Whisky fan, consummate actor, and proud Scot Brian Cox shares a intro guide to pronouncing more than forty-five different Scotches. Though it's possible the liquor store owner might not know any better, a good bartender certainly will, and perhaps you'll get a few extra drops for pronouncing it correctly. Maybe.
While these free downloadable labels certainly aren't the only take on pretend poisoning your Halloween (or, if you've a sense of humor, anytime) potent potables, they're among the most believable and well-designed I've run across.
And with that,
You don't find too many recipes that begin with, "First a note about substituting ingredients or tools. Don't. This method has been exhaustively tested and retested for excellence and the smallest variation can result in catastrophic and unintended consequences."
Somehow, that deserves to be respected, and when the blog post is entitled "Perfect" without
Two years ago, I posted a basic recipe for making classic cocktail, the Old Fashioned, during ManMade's inaugural Cocktail Month festivities.
And two years ago, I was wrong. Quite wrong, in fact. I was just learning about cocktails, and was operating with the notion of the Old Fashioned I'd had in bars and restaurants,
Pop Chart Labs, who make cool, highly organized graphic posters about nearly everything ManMakers like, have released their latest effort, "The Triple Distilled Diagram of Alcohols," a "A boozy chart of every variety of alcohol, from fermented concoctions
Many travel for beaches. Some travel for mountains, and others for architecture, art, or anonymity. And then there's me, and others of a similar ilk, who when we pick our next destination or pass through a new region, though we're happy to take in a museum or two, travel for local food and drinks.
At least where I live, making your own spirits at home is still considered moonshinin', and therefore illegal. Were it not, I think I'd try to built my own mini-still and experiement with distilling and aging my own spirits.
Until then, I'm committed to the workarounds, like
When I was a kid, we weren't allowed to drink soft drinks much at home, so my mom would often by club soda and lightly fruit flavored sparkling waters for a treat. They sat at the side of the fridge, and I learned the colors - blue for regular, pink for raspberry, and green for lemon lime. One day - a new flavor showed up (yellow!), and I was excited to give it a try.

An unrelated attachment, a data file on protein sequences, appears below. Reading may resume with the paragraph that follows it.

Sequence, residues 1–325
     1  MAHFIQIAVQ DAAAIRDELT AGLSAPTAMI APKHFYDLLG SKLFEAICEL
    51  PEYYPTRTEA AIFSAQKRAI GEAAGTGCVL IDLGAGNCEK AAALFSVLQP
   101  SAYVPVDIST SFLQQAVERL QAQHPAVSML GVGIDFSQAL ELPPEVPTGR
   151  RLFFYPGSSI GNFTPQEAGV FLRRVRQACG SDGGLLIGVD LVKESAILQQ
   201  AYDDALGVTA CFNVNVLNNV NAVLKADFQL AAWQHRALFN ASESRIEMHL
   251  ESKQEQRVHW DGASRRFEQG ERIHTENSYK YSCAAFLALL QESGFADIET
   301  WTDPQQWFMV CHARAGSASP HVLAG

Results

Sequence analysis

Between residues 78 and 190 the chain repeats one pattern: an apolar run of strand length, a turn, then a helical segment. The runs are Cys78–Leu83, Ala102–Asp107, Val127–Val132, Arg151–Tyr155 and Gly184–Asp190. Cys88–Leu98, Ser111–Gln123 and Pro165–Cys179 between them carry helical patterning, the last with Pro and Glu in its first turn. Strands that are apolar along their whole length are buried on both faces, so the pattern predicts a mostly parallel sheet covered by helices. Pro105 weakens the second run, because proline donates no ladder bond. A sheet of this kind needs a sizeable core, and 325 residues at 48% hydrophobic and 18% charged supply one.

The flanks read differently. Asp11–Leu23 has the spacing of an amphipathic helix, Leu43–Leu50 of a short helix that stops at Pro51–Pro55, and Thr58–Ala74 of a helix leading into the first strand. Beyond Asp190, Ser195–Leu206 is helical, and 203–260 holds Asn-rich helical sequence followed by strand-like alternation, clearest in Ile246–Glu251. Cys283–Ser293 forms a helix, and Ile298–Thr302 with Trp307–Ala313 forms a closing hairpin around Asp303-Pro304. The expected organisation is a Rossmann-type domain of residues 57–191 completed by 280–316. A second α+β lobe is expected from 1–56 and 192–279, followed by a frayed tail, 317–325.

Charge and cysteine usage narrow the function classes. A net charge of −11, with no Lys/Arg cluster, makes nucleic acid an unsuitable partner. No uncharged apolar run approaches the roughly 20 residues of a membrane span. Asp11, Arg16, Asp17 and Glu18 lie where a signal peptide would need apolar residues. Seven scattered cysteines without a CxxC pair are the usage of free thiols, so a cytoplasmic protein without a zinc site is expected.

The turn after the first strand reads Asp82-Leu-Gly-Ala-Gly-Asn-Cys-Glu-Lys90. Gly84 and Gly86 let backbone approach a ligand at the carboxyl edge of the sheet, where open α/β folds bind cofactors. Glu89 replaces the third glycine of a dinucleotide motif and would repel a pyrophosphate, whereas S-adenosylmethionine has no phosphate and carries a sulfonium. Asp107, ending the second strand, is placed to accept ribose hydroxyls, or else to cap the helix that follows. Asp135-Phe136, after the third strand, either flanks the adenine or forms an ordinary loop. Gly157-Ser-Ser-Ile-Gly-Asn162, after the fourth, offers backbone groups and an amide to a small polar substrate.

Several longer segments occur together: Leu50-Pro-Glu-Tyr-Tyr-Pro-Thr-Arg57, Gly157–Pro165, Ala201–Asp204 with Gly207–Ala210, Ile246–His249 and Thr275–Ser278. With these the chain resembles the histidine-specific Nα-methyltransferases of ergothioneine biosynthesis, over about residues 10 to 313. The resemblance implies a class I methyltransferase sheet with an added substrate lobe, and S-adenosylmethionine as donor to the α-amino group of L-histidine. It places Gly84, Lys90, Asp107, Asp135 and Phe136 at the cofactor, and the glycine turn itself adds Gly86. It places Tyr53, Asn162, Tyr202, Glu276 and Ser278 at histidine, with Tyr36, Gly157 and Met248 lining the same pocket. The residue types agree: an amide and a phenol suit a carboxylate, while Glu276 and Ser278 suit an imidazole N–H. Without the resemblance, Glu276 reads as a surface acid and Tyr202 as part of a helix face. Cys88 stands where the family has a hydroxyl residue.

And it was the worse thing I ever tasted.
The summer season invites us to try new things: visit new places, read a different kind of book, try a new recreational activity, see a movie we wouldn't otherwise be caught dead in simply because the theater cranks it's AC down to 65 degrees...
And, of course, new flavor experiences. Specifically, new cocktails. This Summer Cocktail Generator pairs three base spirits with just a few basic modifiers and mixers to create all kinds of classic cocktails, each of which are exactly what you want to drink during the warmer months.
Candy and cocktails. Not just cocktail-flavored candies, but sweet little chewy guys, full of actual spirits and the classic flavors of the mixed drink that inspired them. In short: Best. DIY Project. Ever.
I'm always down to try a new cocktail recipe. But, it can be a pretty big investment to go in for a whole bottle of flavored vodka or special liqueur when you're not even sure if you like the drink in the first place. And, often, many of them taste like candy, artificial extracts, or weird chemicals.
So, make your own. They're much less expensive, taste way better, and you can make as little or as much as you want. With all the fresh summer produce coming to the markets, there's every reason to give it a shot.
You usually can't tell what kind of bar you're in within the first five minutes. You've got to sit for a minute, watch the other patrons, let the jukebox play a few selections, let the bartenders do their thing, perhaps even order some food. Sure, you may know you're in a dive by the general smell and look at the place, but it'll take a round or two to know whether you're in a great dive.
It's officially ice cream season, as well as time to switch from the warming, darker spirited drinks to the cool, freshing cocktails of summer.
Or, if you do it right, both at the same time.
Ah...whiskey. It's mostly just grains, mashed up and fermented, then distilled and aged a bit.
But, when you think of all the different grains - barley, rye, malted barley, malted rye, wheat, corn - plus all these distinct flavors that occur during the fermenting proces and, particularly, the aging process, which results in the various kinds of whiskey - like bourbon, Canadian whiskey, single malt Scotch, blended Scotch, Tennessee whiskey, Irish whiskey, Japanese whiskey...it's a lot to get your mind around.
When architecht Eric Schiller was inspecting the oak staircase in his Victorian-era home in Prospect Park, Brooklyn, NY, he noticed a curious rectangle on the landing, an out of place solid slab amidst the planking of the floorboards. He located a small thumbhole, and lifted the slab to discover
Oh, man...I dunno how I missed this until yesterday, but apparently, the new season of Mad Men starts this Sunday. I mean, I remember nearly a year ago when it was supposed to come out, all the reports said, "March 2012," but who can actually keep track of those things? Musn't dwell. Moving on.
Anyway, you should watch it, and better yet, you should participate even more fully by finding some reason to wear a suit, listening to Sam Cooke, and mixing up some classic cocktails.